Washington, DC, is unique among the 20 states in the Northeastern Area of the USDA Forest Service. The District is a large urban center with an increasing population. This figure increases by approximately 661,251 people who travel primarily from Maryland and Virginia each work day in support of the federal government and other employers. There are several federally managed large green spaces but the city consists primarily of urban forest. Tree canopy currently covers approximately 35% of the city. The District of Columbia Urban Forestry Strategy proposes actions to address the three priority issues as determined by the Assessment of Urban Forest Resources. They are Increasing Urban Tree Canopy across all District Ownerships, Protecting and Improving Air and Water Quality and Building Urban and Community Program Capacity in Washington, DC. The Assessment also addresses two regional priority issues of importance to the District, the I-95 Megaregion and the Chesapeake Bay Watershed.
Planting and maintaining a healthy urban forest for the citizens of Washington, DC
Increasing Urban Tree Canopy across all District Ownerships: The unique division of land ownership in the District provides context as we look at urban tree canopy distribution and plans to increase overall urban tree canopy. According to land use data derived from the 2008 District of Columbia Urban Tree Canopy Assessment, land ownership is divided in the following way: District of Columbia government, 7%, Federal government, 43% and 50% Private land owners. To address our urban tree canopy goal and increase the canopy by 5%, we will have to plant trees in each ownership category but specifically in the private land ownership category. The urban tree canopy level in the Federal ownership category is currently 47%, which exceeds the 40% goal. Federal properties may have the least amount of flexibility because of the long term plans associated with such properties.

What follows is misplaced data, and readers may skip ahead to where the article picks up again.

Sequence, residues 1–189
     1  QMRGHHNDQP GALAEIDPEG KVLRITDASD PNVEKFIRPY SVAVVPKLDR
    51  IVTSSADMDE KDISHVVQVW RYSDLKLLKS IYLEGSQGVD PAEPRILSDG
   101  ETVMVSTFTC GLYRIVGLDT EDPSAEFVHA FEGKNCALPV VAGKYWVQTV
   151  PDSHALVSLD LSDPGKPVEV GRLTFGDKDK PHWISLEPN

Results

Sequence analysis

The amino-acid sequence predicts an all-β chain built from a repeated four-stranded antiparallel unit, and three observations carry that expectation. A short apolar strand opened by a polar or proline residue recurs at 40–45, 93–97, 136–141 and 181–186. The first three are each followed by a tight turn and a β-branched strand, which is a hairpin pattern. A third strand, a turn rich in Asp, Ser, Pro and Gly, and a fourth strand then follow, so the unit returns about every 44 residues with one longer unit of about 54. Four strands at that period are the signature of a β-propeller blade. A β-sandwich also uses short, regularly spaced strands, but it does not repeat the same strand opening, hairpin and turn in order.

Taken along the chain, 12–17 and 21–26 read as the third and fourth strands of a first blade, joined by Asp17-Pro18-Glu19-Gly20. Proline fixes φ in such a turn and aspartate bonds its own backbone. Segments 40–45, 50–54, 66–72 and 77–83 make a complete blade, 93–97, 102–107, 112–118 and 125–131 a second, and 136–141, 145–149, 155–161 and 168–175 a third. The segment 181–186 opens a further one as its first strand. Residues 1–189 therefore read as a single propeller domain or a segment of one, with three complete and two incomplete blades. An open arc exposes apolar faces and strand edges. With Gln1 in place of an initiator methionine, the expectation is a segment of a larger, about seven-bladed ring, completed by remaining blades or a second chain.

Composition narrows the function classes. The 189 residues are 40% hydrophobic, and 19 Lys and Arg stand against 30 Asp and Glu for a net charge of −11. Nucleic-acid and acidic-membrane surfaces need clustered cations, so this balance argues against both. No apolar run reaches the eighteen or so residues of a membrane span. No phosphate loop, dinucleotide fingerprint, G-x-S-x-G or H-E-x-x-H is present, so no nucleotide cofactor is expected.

Protecting urban tree canopy against insect and disease outbreaks, exotic invasive species and other urban forest health issues
Protecting and Improving Air and Water Quality: Air and water quality in and around Washington, DC is impaired. One-third of the District of Columbia is served by a combined sewer system (CSS) that conveys sanitary sewage and stormwater in one system. During periods of significant rainfall, the capacity of a combined sewer may be exceeded. When this occurs, a mixture of storm water and sanitary wastes are discharged directly into the Anacostia River, Rock Creek, the Potomac River, or District tributary waters. The Washington DC Metro region is a non-attainment area for ground-level ozone and PM 2.5 (defined as fine particles in the (ambient) air 2.5 micrometers or less in size) according to federal health standards. The District’s urban tree canopy reduces stormwater runoff, particularly during the smaller rains that are most frequent and often carry high concentrations of pollutants. Based on current models, trees that overlap impervious areas tend to have greater ability to mitigate stormwater; this highlights the importance of planting and maintaining the street tree canopy. Urban tree canopy also has the benefit of modifying microclimates to decrease air temperatures which improve air quality.
Enhancing urban tree canopy in the District in order to maximize air and water quality, wildlife habitat and forestry related green jobs training
Building Urban and Community Forestry Program Capacity: As a municipal agency simultaneously performing the functions of a state, the role of the State agency in building local capacity occurs on a much smaller and more hands-on scale in DC. Rather than building the capacity of cities and towns, UFA works to build the capacity of people, business districts, neighborhoods and wards. While UFA’s responsibility extends only to street trees, the same basic objective remains as state agencies increase the capacity of individuals and organizations working on the community level to better manage their local urban forests. In order to effectively manage the forest where people live and work, it is critical to engage all demographics in the District. Engaging underserved communities is a particular challenge, but the role trees play in revitalizing and sustaining communities is fundamental to their well-being. UFA pursues this goal through volunteer opportunities, technical training, and federal grants focused on developing an urban forestry workforce, fostering urban forestry projects, and building capacity of new organizations.